After lunch Synod went on to debate Women in the Episcopate, a short report (GS 1568) from the House of Bishops which proposed that there should be a debate at the next meeting of Synod (July 2005) to decide whether to "set in train the process for removing the legal obstacles to the ordination of women to the episcopate." Opening the debate the Archbishop of Canterbury said that the House of Bishops had set up a small working group to evaluate the options. The members are the bishops of Guildford (chair), Blackburn, Lincoln and Willesden with Archdeacon Joy Tetley as a consultant. Most of the speeches could just as appropriately have been made in the morning and at the end Synod voted overwhelmingly in favour of this motion:

That the Synod welcome the report from the House of Bishops (GS 1568) and invite the Business Committee to make sufficient time available at the July group of sessions for Synod to determine whether it wishes to set in train the process for removing the legal obstacles to the ordination of women to the episcopate.

Common Worship Ordinations Services

The Common Worship Ordinal (given initial consideration in February 2004) was returned to Synod by the revision committee, which had met eight times, including one meeting held over two days. Introducing a debate on the committee's report, the Bishop of Chichester said that the ordinal was particularly sensitive to the differences in theological emphasis in the Church of England. The committee had sought to ensure that there was a single ordinal acceptable to all.

A number of motions were carried asking the committee to reconsider parts of their report. These included the inclusion of a prayer of confession, a declaration of ordinands' commitment to collaborative ministry, requiring the giving of the bible to immediately follow the ordination prayer rather than allowing the alternative of giving it at the sending out, and to use exactly the same titles as in the Book of Common Prayer and the Alternative Service Book.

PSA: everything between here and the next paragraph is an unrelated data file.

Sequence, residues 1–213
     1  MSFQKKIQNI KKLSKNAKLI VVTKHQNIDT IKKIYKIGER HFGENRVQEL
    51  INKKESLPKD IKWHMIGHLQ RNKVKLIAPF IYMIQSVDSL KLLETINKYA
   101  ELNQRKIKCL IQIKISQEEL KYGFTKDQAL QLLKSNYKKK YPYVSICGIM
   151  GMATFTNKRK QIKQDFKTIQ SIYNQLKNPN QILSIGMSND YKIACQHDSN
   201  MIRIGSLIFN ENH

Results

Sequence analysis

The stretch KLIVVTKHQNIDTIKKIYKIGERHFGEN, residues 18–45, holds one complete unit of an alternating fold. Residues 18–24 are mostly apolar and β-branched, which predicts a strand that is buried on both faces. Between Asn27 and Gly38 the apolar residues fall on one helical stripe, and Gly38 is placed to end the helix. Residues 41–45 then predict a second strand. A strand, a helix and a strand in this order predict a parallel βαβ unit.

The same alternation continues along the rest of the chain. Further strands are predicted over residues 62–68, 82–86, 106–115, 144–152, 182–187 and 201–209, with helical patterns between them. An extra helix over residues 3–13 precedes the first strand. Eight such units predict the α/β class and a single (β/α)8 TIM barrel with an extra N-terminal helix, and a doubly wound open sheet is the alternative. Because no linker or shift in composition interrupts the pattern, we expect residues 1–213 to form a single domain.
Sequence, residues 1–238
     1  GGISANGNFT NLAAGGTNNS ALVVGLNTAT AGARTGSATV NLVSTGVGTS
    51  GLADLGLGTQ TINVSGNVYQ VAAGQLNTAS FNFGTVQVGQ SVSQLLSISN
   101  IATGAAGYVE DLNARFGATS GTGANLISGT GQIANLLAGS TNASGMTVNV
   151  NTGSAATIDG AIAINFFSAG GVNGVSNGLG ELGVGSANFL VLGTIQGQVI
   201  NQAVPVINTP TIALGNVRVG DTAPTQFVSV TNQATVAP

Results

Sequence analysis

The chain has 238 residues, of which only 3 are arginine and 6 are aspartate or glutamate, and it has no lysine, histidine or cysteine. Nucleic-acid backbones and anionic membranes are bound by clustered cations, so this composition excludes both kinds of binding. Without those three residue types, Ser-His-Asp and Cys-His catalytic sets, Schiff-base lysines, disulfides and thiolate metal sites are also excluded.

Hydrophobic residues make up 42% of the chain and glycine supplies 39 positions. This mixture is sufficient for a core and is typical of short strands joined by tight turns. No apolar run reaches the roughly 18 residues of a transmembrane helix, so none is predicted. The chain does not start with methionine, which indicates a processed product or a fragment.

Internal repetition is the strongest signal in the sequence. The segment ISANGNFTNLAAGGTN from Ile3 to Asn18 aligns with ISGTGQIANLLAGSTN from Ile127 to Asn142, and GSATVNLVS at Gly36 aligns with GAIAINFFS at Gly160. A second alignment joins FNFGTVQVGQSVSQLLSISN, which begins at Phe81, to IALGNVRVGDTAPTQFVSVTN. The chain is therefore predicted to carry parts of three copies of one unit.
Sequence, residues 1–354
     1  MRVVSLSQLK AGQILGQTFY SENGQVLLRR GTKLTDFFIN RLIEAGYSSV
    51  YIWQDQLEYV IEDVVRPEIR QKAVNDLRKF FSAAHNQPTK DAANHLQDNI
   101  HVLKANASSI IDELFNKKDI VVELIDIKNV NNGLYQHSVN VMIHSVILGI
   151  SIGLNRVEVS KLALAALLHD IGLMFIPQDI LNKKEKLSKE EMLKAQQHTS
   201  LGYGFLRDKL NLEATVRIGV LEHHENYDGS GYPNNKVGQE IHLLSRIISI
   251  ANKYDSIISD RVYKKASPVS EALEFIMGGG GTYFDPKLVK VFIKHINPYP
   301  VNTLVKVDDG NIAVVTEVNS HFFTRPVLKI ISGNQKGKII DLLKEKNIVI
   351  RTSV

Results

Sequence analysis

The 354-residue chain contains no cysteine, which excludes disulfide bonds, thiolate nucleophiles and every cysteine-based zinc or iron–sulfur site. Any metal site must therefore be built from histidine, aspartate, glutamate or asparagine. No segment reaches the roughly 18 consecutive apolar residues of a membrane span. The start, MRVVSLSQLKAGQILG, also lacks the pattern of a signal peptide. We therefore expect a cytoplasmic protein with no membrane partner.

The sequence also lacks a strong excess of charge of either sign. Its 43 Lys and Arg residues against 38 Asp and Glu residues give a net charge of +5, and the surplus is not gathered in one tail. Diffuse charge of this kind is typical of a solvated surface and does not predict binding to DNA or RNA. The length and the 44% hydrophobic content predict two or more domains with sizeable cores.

Windsor Report

On Thursday morning Synod discussed the Windsor report, or to be precise a report from the House of Bishops (GS 1570) about the Windsor Report. The Bishop of Durham (Dr Tom Wright), who had been a member of the Lambeth Commission that wrote the Windsor Report, said that the debate was about unity and communion in the Anglican Communion. Never before, after all four Instruments of Unity had advised against a particular action, had a province or diocese gone ahead unilaterally. The church needed to begin from biblical first principles of unity and communion in Christ. Windsor addressed the question of what to do when there was disagreement about what were the central and non-negotiable issues.

Dr Philip Giddings (Oxford) said that the Communion was torn at the deeper levels by the action of ECUSA and parts of the Canadian Church. If the primates in their meeting the following week could not repair the tears there would be division not just between Nigeria and ECUSA but within the Church of England. He said that the Windsor Report appeared to consider the actions of ECUSA and New Westminster to ignore the Instruments of Unity and the response of some African bishops to cross boundaries to be equivalent. He asked Dr Wright if he could say that this was not so.

The Bishop of Worcester (Dr Peter Selby) was concerned that in this emergency important things could be missed. First he hoped that he supported the Archbishop of Canterbury without the need for a resolution. But how supportive had everyone been in 2003 over the appointment of the Bishop of Reading? Second, whilst the Bishop of Durham might claim that the Windsor Report was about a general problem, it had been occasioned by a very particular set of circumstances: homosexuality and relations with North America. The report did not understand why those in North America had acted as they had. As well as those who felt oppressed by liberals there were those who felt that their prophetic voice had not been addressed. Third, although Dr Wright had correctly said that the Commission had not been asked to examine issues of sexuality, there were people in the Communion who "do not so much lack a voice as do not get a whisper". Until they feel heard this issue will never be resolved.

Several speakers complained that the calls for dialogue on sexuality had been largely ignored for decades. The Revd Paul Collier moved an amendment asking Anglicans to listen to the experience of gay and lesbian people, but this was rejected by 209 votes to 140. Some may have voted against because of Dr Wright's pleas not to upset the careful balance of the main motion. Professor David McClean (himself a lawyer) said that there was too much law in the Windsor Report, and too much reliance on law as a solution. The proposed covenant embodied neither listening nor talking together. The Dean of Christ Church (the Very Revd Christopher Lewis) said there was not enough in the report about the nature of the church. The communion had grown up as a light-touch family based on the Lambeth Quadrilateral, but its response to a crisis now was to raise the threshold. Under the new provisions women priests would never have been ordained.

The motion proposed by Dr Wright was carried unamended.